The fall in the partial pressure of oxygen (PO2) in the air which occurs on ascent to altitude reduces the PO2 in the tissues — the condition termed ‘hypoxia’. Normal cellular function is impaired when the local PO2 falls below a critical value. The effects of hypoxia are seen first in the central nervous system, especially the higher centres. Thus the time taken to learn a new task is increased at an altitude as low as 5000 feet. Impairment of the performance of well-practised tasks does not occur until the altitude exceeds 10 000–12 000 feet. Subjects seated at rest exhibit virtually no symptoms of hypoxia at altitudes below 15 000 feet. Moderate physical exercise will, however, induce breathlessness at altitudes above 10 000 feet. Breathing air at altitudes between 15 000 and 18 000 feet rapidly produces impaired mental performance, lack of insight, and loss of judgement and self-criticism, leading to euphoria and neuro-muscular uncoordination. The increase in pulmonary ventilation stimulated by the hypoxia removes an excessive amount of carbon dioxide from the body. This hypocapnia causes light-headedness, apprehension, tingling sensations, and muscle spasm in the face and limbs. Acute exposure to altitudes above 18 000–20 000 feet causes gross impairment of mental function and leads in a matter of a few minutes to unconsciousness and convulsions. Prolonged exposure to these or higher altitudes is fatal. The time which elapses between a sudden exposure to breathing air and serious impair-ment of consciousness falls from 3 to 5 min at 25 000 feet to 40 sec at 35 000 feet and to 15 sec at 45 000 feet.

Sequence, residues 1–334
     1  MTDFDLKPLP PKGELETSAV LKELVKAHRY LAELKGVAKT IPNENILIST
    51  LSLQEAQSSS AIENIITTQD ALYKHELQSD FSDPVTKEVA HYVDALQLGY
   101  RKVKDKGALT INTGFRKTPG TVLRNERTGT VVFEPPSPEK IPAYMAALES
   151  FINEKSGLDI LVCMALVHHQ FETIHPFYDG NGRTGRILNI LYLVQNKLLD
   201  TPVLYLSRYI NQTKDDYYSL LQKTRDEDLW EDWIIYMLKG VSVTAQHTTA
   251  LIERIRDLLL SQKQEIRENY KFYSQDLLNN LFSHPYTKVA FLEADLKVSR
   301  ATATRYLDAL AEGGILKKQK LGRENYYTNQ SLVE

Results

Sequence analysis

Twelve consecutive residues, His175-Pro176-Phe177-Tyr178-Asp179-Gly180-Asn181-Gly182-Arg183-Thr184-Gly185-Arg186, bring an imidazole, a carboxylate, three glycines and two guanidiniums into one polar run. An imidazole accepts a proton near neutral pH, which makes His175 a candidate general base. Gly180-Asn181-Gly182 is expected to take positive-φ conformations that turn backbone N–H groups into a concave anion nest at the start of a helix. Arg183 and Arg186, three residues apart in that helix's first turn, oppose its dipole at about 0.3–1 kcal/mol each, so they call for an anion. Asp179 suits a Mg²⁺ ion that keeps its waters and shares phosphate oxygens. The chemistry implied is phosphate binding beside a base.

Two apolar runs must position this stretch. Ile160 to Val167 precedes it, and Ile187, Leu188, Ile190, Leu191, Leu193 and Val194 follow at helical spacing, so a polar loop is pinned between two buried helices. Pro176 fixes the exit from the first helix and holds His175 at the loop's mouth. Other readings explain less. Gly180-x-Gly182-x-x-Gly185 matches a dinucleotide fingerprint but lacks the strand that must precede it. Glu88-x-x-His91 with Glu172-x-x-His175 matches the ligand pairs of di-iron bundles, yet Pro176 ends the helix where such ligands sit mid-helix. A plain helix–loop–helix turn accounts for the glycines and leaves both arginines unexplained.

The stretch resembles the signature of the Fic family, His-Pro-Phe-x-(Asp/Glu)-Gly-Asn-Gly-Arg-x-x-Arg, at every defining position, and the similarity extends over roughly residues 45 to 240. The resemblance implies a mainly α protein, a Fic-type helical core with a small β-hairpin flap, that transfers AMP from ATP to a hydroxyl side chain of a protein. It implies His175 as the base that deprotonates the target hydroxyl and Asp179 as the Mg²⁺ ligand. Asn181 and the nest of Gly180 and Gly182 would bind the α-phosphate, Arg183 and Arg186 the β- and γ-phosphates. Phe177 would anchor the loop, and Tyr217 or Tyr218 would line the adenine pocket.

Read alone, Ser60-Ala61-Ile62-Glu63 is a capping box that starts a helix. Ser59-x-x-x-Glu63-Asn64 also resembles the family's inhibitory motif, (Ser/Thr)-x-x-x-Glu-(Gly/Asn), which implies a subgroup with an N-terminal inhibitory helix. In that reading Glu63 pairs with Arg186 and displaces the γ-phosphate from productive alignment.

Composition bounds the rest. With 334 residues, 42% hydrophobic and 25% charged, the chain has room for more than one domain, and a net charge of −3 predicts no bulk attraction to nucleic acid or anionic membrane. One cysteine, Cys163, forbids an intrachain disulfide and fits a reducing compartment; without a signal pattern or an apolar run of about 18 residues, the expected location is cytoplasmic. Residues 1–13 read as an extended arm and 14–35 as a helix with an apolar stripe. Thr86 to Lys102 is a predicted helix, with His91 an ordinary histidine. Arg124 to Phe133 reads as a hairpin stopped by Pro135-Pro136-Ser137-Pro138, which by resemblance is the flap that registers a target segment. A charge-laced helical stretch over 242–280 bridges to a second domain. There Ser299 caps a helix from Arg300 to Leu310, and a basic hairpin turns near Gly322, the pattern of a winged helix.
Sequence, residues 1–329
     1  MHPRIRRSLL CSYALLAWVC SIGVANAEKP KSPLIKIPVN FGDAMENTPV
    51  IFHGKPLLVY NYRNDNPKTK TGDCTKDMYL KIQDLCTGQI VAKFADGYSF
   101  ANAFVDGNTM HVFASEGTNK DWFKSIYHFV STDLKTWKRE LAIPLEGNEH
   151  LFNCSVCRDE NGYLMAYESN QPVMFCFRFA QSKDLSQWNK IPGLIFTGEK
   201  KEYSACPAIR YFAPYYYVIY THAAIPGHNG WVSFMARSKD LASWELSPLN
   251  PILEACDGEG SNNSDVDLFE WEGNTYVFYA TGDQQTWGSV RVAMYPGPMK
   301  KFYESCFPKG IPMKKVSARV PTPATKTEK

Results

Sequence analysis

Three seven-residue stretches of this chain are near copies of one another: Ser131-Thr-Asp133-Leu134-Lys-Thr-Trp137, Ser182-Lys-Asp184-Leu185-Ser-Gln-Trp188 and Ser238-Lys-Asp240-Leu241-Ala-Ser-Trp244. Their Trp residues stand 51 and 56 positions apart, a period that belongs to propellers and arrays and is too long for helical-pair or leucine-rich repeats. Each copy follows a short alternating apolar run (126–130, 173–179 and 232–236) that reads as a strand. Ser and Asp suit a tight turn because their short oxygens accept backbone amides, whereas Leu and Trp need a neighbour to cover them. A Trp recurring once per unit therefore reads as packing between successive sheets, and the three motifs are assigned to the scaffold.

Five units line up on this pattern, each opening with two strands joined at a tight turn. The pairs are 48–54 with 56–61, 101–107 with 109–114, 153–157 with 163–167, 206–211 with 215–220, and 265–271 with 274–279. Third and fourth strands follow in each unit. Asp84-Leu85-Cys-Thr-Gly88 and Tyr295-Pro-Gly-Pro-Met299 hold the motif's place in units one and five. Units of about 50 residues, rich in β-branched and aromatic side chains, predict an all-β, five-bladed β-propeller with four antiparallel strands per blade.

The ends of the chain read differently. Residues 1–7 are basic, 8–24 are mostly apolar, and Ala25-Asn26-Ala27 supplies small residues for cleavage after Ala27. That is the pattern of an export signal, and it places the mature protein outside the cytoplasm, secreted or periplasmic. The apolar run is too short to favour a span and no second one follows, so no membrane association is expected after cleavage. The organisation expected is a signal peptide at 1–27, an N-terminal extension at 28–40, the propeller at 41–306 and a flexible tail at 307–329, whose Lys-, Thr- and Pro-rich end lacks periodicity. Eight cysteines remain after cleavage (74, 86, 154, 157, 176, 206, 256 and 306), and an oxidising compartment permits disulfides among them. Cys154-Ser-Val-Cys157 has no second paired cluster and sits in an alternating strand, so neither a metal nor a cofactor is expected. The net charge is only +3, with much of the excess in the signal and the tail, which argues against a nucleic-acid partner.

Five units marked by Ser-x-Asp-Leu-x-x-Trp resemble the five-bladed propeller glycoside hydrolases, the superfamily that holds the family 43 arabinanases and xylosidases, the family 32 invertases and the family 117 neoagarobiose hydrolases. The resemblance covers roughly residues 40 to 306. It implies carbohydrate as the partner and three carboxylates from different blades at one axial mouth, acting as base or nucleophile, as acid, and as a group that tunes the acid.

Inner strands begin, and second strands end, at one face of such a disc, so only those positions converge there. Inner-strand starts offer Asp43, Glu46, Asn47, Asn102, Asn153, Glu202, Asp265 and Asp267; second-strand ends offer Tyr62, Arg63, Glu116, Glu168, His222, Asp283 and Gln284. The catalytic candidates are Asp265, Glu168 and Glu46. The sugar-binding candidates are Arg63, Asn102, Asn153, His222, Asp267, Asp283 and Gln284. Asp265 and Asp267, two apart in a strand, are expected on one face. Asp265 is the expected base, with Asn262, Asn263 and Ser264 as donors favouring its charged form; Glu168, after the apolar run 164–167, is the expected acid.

Two methods of preventing the hypoxia induced by ascent to altitude are employed in aviation. The first is to maintain the PO2 in the inspired gas by increasing the concentration of oxygen in the gas breathed, which requires the individual to wear a mask. The second method is to limit the fall of environmental pressure to which the individual is exposed by raising the pressure in the crew and passenger compartments of the aircraft above that of the external environment.